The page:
Who will notice? Who will speak up?
Angela Bulls, MA, LPC-S is STARRY’s Director of Counseling Services and also serves as the co-chair for the Central Texas Domestic Minor Sex Trafficking Roundtable in Bell County. Below is a fictional story that provides insight into the world of sex trafficking.
Her family had moved just before the beginning of her sophomore year and Jessica felt a bit uncertain about starting at a new school, but thankfully she made a friend in one of her classes. Together, the girls shared stories and talked about common interests and all the normal teenage stuff. After school, Jessica met her new friend’s boyfriend – he was older and had a car and could take them anywhere they wanted to go. Jessica was skeptical at first, but the boyfriend seemed really nice and took great care of them – he even offered to pay for both of the girls to get their nails done! Best first week of school ever! she thought. The boyfriend started picking them up every day after school so they could hang out for a while before going home. The next week when boyfriend picked them up, he needed to run an errand in a neighboring town. “No worries. It will only take an hour or two,” he assured them. When they arrived, the girls were reminded of how he had been so kind to them, picking them up after school, taking them to dinners, and paying for their nails. “You trust me, right?” he asked. You’re supposed to be able to trust your friends, Jessica told herself. My friend is here with me - she wouldn’t lead me down an unsafe path. Plus, she’s here too and so I must be safe.
Then they were asked to “entertain” the man they drove to meet. Jessica’s new friend didn’t seem to have any concerns with any of this, reassuring Jessica that, “It’s no big deal. It’s nothing you haven’t done before. It’s just a few minutes of your time then we are out of here.” Before they knew it, both girls were behind closed doors with strangers because the boyfriend had talked them into helping him out real quick. As they came back out, the boyfriend praised them, telling them what a good job they’d done and how much he appreciated them. “It wasn’t so bad, right?” he said. “Now we can grab some food on the way home.”
Both girls were dropped off back at home and didn’t miss a day of school. As you can imagine, their help was needed more frequently. Each time seemed to take a little bit longer, but they still made it home every night and the new friend made sure Jessica showed up at school so no one was alarmed. But soon the boyfriend’s praise disappeared and they no longer stopped for food. The girls’ grades dropped a bit, but they’re teenagers – it was easy to think this was just a phase or that their schedule was more challenging this semester. It’s not unusual for teenage girls take an interest in their appearance, so the fact that both girls came to school looking different than they normally did was nothing out of the ordinary. Teenagers are concerned with status symbols and name brands so it was totally normal that Jessica and her friend carried expensive bags and wore expensive name brand clothing and shoes … or so it seemed.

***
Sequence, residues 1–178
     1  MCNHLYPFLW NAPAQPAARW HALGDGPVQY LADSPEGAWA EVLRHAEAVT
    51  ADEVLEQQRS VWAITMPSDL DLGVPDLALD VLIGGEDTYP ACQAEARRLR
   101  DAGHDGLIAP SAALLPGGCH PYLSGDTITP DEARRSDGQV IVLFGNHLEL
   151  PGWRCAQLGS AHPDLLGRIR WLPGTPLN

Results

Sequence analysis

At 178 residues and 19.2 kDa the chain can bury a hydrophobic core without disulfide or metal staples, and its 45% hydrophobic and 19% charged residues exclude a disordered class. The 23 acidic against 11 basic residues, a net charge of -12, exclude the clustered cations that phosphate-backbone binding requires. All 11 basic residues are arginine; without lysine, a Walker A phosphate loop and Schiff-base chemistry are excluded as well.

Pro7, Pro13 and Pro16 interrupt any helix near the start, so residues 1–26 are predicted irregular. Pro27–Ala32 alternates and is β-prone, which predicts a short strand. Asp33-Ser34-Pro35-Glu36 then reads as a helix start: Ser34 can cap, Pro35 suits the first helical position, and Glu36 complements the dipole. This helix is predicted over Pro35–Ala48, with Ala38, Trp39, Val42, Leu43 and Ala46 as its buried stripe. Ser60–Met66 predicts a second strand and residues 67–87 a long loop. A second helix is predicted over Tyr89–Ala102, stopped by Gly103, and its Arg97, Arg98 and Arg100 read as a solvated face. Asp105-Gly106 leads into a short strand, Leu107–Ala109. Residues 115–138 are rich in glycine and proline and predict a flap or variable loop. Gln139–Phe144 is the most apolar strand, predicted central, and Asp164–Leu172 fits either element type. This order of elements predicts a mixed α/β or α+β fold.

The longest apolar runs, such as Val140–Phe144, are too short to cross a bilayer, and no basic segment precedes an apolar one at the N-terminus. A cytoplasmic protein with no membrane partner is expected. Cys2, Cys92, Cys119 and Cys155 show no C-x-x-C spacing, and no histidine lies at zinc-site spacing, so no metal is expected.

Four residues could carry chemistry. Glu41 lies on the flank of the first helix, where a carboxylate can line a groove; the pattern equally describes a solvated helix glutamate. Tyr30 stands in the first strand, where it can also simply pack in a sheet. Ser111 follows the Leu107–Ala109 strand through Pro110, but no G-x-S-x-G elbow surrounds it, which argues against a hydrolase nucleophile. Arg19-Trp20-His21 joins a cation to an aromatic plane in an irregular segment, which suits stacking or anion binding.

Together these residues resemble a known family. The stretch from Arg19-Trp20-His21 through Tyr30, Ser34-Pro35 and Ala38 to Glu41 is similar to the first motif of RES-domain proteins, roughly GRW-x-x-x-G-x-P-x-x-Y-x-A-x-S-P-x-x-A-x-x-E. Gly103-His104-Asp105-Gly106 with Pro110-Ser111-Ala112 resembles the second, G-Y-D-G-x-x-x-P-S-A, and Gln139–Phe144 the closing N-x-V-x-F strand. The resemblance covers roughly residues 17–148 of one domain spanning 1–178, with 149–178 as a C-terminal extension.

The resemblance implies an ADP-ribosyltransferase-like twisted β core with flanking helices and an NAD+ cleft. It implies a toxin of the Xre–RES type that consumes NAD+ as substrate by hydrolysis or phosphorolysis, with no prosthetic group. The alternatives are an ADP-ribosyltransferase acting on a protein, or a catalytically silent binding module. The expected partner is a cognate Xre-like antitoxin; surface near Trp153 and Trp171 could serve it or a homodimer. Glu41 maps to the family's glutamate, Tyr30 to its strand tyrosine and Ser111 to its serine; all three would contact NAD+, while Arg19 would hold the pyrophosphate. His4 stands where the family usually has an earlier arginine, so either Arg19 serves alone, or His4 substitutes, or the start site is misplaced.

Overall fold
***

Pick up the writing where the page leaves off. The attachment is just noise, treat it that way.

At STARRY, we hear stories like this far too often. Approximately 79,000 Texas children were victims of sex trafficking in 2016* and we know that 86% of youth in foster care who run away become victims of sex trafficking.** As you might imagine, the fight against this epidemic is a big battle that must be fought on several fronts.
STARRY is honored to be part of the Central Texas Domestic Minor Sex Trafficking Roundtable, which is comprised of 70 organizations including law enforcement agencies, the juvenile justice system, medical and mental health organizations, school districts, and child welfare agencies that are all working together to combat sex trafficking in Texas.
We work with these community partners to help promote awareness and identify potential victims who are caught in the dangerous cycle. At STARRY, we provide a safe place for hope to take root by offering free professional counseling services to youth under the age of 18 and their families, which allows them to begin their journey toward hope and healing. We are able to connect them with other community resources that help them get back on their feet. STARRY also provides a 24-hour crisis hotline that is answered by a professional who works quickly to assess the caller’s need and provide counseling or necessary and appropriate resources.
At STARRY, we work diligently every day to promote a culture of care through nurturing children, strengthening families, are restoring hope in order to create a stronger Texas … one family at a time. Through the services that we offer, victims who have been caught in trap of sex trafficking find a way out of the destructive cycle. For those who once were caught in a hopeless situation, STARRY shines a light and offers a helping hand that guides them toward healing and freedom.
*Institute on Domestic Violence and Sexual Assault, 2016 Report by The University of Texas at Austin School of Social Work
**National Center for Missing & Exploited Children. www.missingkids.org